Dar Es Salaam Port has surpassed Mombasa Port in a new ranking by the World Bank, posing a significant threat to Kenya’s economy.
According to the World Bank’s 2022 Container Port Performance Index (CPPI), Dar es Salaam has been ranked 312 out of 348 ports surveyed, while Mombasa dropped to position 326. This is a considerable shift from the previous year’s report, where Mombasa was ranked 296 and Dar es Salaam was at 316.
Kenya now finds itself at the bottom of the list among its East African counterparts, with Djibouti’s port (Ethiopia) ranking at position 26 and Berbera’s port (Somalia) at position 144.
The CPPI ranking employed two approaches: a technical approach based on expert knowledge and judgment, and a statistical approach using factor analysis. This was done to ensure the ranking accurately reflects the ports’ actual performance while maintaining statistical robustness.
The decline of Mombasa Port is attributed to tough competition from Dar es Salaam, as many transporters have shifted their routes to the Central Corridor instead of the Northern Corridor.
Transporters prefer the Central Corridor due to better road conditions and more favorable border charges and road tolls. The Central Corridor spans over 1,300km, connecting the Port of Dar es Salaam to Tanzania, Rwanda, Burundi, Uganda, and the eastern Democratic Republic of Congo. In contrast, the Northern Corridor stretches about 1,700km from Mombasa Port through Kenya, Uganda, Rwanda, Burundi, and the eastern DRC.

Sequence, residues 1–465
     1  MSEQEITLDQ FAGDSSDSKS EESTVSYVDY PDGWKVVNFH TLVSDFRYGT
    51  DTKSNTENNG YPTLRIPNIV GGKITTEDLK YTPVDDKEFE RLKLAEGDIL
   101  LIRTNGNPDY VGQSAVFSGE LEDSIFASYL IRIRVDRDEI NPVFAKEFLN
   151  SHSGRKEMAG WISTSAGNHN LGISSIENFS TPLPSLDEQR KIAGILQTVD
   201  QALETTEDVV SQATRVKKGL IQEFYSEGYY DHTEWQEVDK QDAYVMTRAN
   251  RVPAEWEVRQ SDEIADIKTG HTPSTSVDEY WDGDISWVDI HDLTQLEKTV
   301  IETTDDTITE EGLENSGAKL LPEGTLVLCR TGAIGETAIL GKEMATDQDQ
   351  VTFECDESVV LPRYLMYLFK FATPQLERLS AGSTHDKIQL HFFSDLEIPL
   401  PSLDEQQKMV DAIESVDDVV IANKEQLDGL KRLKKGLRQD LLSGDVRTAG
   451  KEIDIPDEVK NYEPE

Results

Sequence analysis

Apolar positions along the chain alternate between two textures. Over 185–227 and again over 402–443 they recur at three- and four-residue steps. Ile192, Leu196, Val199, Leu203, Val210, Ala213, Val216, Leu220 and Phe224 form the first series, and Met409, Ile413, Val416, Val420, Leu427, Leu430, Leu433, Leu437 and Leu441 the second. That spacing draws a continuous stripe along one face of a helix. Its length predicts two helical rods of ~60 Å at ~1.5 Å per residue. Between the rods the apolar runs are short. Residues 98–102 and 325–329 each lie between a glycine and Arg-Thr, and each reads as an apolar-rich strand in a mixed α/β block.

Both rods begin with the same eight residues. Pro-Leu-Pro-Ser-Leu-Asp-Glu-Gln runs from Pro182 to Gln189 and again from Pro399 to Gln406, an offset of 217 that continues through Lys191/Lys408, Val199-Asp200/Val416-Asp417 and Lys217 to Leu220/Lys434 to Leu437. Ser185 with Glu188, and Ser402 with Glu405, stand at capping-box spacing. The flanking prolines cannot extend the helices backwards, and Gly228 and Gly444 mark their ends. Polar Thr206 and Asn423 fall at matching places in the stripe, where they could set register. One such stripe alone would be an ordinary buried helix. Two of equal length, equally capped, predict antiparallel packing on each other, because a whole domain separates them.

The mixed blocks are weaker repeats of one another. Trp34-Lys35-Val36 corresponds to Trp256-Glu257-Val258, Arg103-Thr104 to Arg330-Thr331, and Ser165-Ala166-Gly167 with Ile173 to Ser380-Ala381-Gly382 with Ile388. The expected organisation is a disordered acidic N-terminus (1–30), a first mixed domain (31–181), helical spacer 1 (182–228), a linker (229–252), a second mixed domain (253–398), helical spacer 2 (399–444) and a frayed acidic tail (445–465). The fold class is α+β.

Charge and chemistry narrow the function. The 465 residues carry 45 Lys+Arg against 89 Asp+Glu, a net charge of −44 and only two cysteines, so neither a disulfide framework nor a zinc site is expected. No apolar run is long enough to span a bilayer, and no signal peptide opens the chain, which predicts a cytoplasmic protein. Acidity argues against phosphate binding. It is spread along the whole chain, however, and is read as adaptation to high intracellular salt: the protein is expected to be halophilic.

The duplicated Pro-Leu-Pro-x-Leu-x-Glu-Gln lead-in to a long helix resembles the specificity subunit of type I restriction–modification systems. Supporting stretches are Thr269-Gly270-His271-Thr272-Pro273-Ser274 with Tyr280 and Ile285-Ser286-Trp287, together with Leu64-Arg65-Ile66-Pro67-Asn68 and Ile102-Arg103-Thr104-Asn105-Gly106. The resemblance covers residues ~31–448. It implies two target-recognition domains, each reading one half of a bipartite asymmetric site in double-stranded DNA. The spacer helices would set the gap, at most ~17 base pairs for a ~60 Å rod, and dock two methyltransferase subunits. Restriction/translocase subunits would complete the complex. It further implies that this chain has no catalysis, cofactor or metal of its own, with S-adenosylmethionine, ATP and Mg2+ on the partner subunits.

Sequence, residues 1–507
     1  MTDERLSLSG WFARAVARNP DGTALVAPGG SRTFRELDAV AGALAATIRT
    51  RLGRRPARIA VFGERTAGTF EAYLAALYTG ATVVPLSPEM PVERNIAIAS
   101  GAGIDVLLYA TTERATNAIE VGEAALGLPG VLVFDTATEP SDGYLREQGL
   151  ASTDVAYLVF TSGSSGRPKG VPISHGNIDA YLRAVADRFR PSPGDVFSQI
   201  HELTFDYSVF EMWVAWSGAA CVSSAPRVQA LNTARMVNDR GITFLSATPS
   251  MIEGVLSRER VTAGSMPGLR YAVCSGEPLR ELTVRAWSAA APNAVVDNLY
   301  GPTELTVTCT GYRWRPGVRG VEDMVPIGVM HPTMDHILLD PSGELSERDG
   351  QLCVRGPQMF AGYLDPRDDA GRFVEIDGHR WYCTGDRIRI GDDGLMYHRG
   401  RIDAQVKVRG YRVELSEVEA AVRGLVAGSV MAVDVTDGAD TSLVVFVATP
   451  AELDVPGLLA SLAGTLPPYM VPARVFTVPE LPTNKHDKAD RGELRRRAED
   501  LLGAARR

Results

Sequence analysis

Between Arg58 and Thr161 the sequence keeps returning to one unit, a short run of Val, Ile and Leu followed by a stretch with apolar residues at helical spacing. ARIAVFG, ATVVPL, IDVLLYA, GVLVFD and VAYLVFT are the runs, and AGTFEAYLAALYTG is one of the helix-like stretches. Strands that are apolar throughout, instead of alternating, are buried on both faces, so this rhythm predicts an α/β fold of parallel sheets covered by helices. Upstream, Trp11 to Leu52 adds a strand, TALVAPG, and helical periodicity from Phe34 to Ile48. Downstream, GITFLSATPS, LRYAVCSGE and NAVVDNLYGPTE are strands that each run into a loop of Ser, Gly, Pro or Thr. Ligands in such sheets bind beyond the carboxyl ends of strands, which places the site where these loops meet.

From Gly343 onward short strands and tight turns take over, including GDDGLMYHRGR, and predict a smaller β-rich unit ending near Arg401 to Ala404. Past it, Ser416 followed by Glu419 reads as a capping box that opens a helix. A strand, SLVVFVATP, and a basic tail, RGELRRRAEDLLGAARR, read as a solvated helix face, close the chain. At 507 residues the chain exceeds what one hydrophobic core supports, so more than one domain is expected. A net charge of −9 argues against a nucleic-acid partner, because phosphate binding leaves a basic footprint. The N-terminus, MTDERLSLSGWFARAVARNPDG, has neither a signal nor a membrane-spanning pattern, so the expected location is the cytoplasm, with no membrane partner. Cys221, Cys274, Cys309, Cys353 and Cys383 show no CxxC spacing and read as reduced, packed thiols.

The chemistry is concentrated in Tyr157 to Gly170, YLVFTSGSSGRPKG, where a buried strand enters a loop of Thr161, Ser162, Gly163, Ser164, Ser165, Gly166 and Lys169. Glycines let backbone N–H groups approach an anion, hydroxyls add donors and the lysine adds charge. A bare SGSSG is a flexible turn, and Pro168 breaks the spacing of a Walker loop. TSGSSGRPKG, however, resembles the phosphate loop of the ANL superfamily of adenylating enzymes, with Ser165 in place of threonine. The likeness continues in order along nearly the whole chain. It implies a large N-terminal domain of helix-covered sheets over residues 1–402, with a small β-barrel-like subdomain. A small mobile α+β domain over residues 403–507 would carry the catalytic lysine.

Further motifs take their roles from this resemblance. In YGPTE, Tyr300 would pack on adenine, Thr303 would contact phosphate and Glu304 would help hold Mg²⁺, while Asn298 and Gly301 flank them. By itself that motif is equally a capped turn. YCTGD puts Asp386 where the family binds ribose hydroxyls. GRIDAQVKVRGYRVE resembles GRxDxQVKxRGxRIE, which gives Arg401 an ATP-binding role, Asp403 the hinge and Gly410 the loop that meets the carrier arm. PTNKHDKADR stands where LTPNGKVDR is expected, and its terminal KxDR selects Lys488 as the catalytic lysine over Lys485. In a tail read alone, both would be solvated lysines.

Gilbert Langat, the CEO of the Shippers Council of Eastern Africa (SCEA), explained that more traders from Uganda and Rwanda are choosing to ship their goods through Dar es Salaam, leading to a decline in Mombasa’s market share.
Langat revealed that Mombasa’s share of goods to Uganda and Rwanda dropped from 75-80% in previous years to 63% in the last quarter of 2022, while the central corridor’s share increased to approximately 37% from a fifth previously.
The ranking by the World Bank highlights the changing dynamics in East Africa’s port industry, with Tanzania’s Dar es Salaam Port emerging as a formidable competitor to Kenya’s Mombasa Port. This shift has significant implications for Kenya’s economy, requiring strategic measures to maintain its position in the region’s maritime trade.